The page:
A North Yorkshire plant services company is calling for more women to consider joining the industry after successfully recruiting their first female apprentice.
RJC Plant Services, a waste management company based in Church Fenton, near Selby has faced difficulty filling the vacant roles created through increased demand for their services and a national shortage of drivers.
However, 17-year-old Neave Romans from Sherburn in Elmet has now joined the company as a mechanic apprentice with Wakefield College and bosses hope this will encourage more women to consider a job in the industry.
Chris Jackson, co-director of the business said: “As a family friendly, value led business, with no zero-hour contracts, or working away, we’d love for more females to consider becoming drivers and apprentices. We’re delighted Neave got in touch and has now joined the team and look forward to supporting her develop her career in the industry.”
Neave adds: “I was looking for an apprenticeship role as I wanted to be hands on and get paid whilst learning but I wasn’t sure what industry I wanted to work in. I’d seen a lot about RJC through social media and heard lots of good things so when I saw the apprentice role, I applied and came to meet the team. I’m really enjoying it so far and think the industry needs to encourage females into roles as there’s lots of opportunities.”
Emma Turner, head of apprenticeships at Wakefield College, said: “Apprenticeships continue to play a vital role in the economy, and I’m delighted to see we are working with RJC Plant Services.
“As one of the largest providers of education and training in the District, we are keen to offer people opportunities to succeed. It’s wonderful to see Neave has set her sights on a career in engineering which was traditionally seen as a male-dominated industry. As a college, we support our learners and encourage them to follow their dreams and I’m sure Neave will help inspire more females to consider engineering as a viable career path”.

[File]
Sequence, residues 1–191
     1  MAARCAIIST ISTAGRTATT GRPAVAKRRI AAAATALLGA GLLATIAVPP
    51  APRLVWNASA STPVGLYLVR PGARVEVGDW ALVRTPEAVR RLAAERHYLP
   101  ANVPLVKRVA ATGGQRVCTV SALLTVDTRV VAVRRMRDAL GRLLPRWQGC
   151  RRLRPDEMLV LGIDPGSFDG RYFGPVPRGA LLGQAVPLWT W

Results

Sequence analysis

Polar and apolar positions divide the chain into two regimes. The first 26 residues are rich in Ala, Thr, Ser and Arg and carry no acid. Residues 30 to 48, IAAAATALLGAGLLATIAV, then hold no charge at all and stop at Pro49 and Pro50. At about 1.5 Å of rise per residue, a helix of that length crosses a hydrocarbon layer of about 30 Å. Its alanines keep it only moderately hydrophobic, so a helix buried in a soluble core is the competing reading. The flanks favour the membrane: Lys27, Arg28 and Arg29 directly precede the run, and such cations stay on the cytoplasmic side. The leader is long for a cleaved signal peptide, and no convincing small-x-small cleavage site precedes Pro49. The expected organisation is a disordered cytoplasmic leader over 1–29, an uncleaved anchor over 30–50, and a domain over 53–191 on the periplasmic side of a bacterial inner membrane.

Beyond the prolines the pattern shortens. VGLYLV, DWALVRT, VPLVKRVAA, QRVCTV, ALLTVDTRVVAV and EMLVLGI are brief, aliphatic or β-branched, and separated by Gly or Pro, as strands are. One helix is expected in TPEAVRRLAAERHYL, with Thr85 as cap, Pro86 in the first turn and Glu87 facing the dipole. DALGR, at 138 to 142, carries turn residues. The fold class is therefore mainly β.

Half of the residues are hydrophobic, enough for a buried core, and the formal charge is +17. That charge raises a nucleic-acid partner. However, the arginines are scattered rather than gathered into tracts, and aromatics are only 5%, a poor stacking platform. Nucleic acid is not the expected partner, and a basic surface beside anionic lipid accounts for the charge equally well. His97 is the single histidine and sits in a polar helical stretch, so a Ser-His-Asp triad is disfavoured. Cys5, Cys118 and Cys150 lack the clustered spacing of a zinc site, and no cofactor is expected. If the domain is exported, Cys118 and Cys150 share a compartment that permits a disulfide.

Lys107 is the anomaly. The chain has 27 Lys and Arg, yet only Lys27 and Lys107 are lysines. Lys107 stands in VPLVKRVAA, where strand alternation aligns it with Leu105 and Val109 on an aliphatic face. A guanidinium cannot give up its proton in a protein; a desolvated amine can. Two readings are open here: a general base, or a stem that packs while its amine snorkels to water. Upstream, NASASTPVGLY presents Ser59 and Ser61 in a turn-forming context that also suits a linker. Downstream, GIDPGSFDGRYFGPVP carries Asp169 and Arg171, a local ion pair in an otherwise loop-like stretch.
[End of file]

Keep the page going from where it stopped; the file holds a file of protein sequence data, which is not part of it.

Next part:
Apprenticeship roles require no previous experience however to be a grab or sweeper driver, applicants need to have a Class 2 Driving Licence and up to date certificate of professional competence which can be obtained from professional service providers.
John Harrison, co-director said: “We’ve grown the business considerably over the last few years, which has led to an increase in demand for our services. However, this has come at a time when many industries have faced recruitment issues, especially for qualified drivers and we would love to see more people, especially women consider a fulfilling and well-paid career in the plant services sector.”
Anybody interested in joining the industry, or has questions about the entry requirements can contact Chris and John for an informal chat email@example.com